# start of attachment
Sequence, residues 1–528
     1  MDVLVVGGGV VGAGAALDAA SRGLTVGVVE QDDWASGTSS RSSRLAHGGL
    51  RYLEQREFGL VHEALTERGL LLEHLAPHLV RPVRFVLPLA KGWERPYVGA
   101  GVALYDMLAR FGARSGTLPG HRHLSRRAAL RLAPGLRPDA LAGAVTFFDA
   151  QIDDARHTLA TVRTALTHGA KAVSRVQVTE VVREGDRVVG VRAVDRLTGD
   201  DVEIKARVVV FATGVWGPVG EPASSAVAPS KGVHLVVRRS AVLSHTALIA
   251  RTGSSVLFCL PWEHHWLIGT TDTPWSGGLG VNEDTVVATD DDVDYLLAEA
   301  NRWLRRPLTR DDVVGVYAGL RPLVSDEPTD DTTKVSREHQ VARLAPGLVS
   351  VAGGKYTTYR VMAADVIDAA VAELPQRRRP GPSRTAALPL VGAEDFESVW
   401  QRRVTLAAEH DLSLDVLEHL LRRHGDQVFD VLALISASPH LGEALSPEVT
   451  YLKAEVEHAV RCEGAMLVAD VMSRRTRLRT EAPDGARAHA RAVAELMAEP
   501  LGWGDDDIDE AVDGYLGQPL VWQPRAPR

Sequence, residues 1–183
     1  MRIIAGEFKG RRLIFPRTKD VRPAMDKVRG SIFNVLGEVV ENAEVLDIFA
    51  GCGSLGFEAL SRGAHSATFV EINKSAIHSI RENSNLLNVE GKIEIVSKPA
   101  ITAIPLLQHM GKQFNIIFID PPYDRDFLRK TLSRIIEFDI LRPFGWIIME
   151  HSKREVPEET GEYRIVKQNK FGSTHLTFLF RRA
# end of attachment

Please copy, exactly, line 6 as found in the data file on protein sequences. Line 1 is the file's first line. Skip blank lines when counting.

   201  DVEIKARVVV FATGVWGPVG EPASSAVAPS KGVHLVVRRS AVLSHTALIA